Did you know that During times of stress, the bodies primary defence is by enzymatic antioxidants, therefore they are vital to ensure that the body can deal and overcome significant external stress reducing the risk of depression and anxiety. Our body produces some antioxidants, but we rely on food sources to help support and increase levels. When our antioxidant levels are low, this inhibits the body’s ability to counteract the effects of stress resulting in oxidative damage to cells, increasing risk of depression, cognitive decline, and aging in the brain.
Vitamin A, C and E are all antioxidants and have been shown to lead to improvement in anxiety and depression.
This is one of the most researched spices and its health benefits are endless but one way it can support our health is through its ability to support and even improve brain health.
Curcumin is Turmeric’s active ingredient and has the ability to cross the blood brain barrier allowing it to directly enter the brain. It provides anti-inflammatory and antioxidant properties which have been shown to boost serotonin our bliss hormone and dopamine both of which help to improve moods. Studies have shown that some mental health conditions show low levels of serotonin.
Curcumin can help to boost brain-derived neurotrophic factor which is a growth hormone specifically for brain cells allowing brain cell growth. This can help to reduce cognitive decline as a result of brain cell degradation. It can also help to improve memory and even clear amyloid plaques associated with Alzheimer’s.
Our brain is predominantly made from fats, actually around 60-70%, similar to our cells being surrounded by a lipid layer. Therefore, fats are essential for a healthy brain and that’s not just the omega 3 fats that we mentioned above. In fact, a diet rich in healthy fats has been shown to improve memory, and reduce cognitive decline.
Think nuts and seeds, extra virgin olive oil, olives, avocados, eggs, and oily fish they all provide good sources of healthy fats that help to support against cell damage, have anti-inflammatory properties and are loaded with antioxidants.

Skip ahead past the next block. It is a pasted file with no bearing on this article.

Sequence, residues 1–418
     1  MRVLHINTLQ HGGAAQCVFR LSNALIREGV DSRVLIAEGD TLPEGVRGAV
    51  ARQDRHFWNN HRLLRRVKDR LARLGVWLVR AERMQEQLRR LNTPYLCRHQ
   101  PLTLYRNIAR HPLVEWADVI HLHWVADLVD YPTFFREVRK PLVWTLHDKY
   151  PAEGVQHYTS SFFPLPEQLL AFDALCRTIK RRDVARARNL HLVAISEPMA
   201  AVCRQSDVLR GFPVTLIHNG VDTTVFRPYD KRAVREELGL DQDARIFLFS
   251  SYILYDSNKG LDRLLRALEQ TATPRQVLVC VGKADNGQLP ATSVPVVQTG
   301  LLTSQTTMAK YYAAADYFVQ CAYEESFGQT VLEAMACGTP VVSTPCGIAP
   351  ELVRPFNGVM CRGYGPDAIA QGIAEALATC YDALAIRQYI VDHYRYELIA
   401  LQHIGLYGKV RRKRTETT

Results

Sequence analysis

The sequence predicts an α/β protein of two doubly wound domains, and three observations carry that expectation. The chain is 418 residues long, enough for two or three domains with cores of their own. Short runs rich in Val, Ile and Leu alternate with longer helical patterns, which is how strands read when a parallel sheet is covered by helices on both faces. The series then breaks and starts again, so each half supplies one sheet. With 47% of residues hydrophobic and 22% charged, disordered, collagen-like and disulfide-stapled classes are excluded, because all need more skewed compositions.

Nuts and seeds are an excellent source of many nutrients as well as healthy fats. Pumpkin seeds are particularly rich in zinc which has been shown to be a crucial element in nerve signalling and low levels has been associated with depression, Alzheimer’s, and Parkinson’s.
Nuts and seeds contain magnesium, which is an essential nutrient for learning and memory, and is also responsible for over 300 chemical reactions within the body. It helps to convert the amino acid tryptophan into the mood boosting serotonin. It has also been shown to enhance glutathione production (antioxidant), prevent telomere shortening (aging process) and reduce oxidative stress often associated with cognitive decline.
Magnesium is also found in foods such as spinach, nuts, seeds, and dark chocolate.
Now dark chocolate really has some amazing health benefits including supporting brain health and reducing symptoms of depression and anxiety. It actually has the highest plant-based source of magnesium but also contains high amounts of antioxidants in the form of flavonoids. Cacao which is found in dark chocolate helps to improve memory and reaction time, as well as improve brain blood flow, oxygen levels, and nerve function, this has been observed in healthy individuals and those with cognitive impairment.
Eggs have been demonised over the last couple of decades with their association with increasing cholesterol levels, but studies have shown that eggs are packed with healthy fats that are needed for brain health as well as many other important functions within the body.
(There is little evidence to support the idea that eggs pose any risk to cholesterol levels.)
Eggs contain Choline which is used in the body to make acetylcholine, a neurotransmitter that helps to regulate memory and mood. Many people do not get enough choline in their diet which can result in poor memory and symptoms of depression.
Eggs are also a rich source of B vitamins. B vitamins are needed for the lowering of homocysteine with high levels being linked to the onset of Alzheimer’s and dementia. B12 is involved in the synthesizing of brain chemicals as well as regulating sugar levels in the brain. Low levels of both B12 and folate have been linked to depression so making sure to include rich sources of b vitamins is vital in supporting brain health and mood.
Green tea contains an active ingredient L-theanine which is an amino acid that crosses the blood brain barrier and increases the neurotransmitter GABA which helps to reduce symptoms of anxiety and depression. It also increases alpha brain waves that helps you to relax.
There are many foods that can help to support brain health, but the take home message is not to focus on one particular food, its about including an array of wonderful nutrient rich foods that all work to help support the brain’s function and reduces the risk of cognitive decline through oxidative stress and aging.
If you are looking to improve your brain health, suffering from that foggy brain feeling, addicted to sugar and feeing fatigued then do get in touch for a consultation and see how we can help to support your overall brain health, improve your moods, and gain that energy you need.
4. Santiago-Rodríguez E, Estrada-Zaldívar B, Zaldívar-Uribe E. Effects of Dark Chocolate Intake on Brain Electrical Oscillations in Healthy People. Foods. 2018;7(11):187.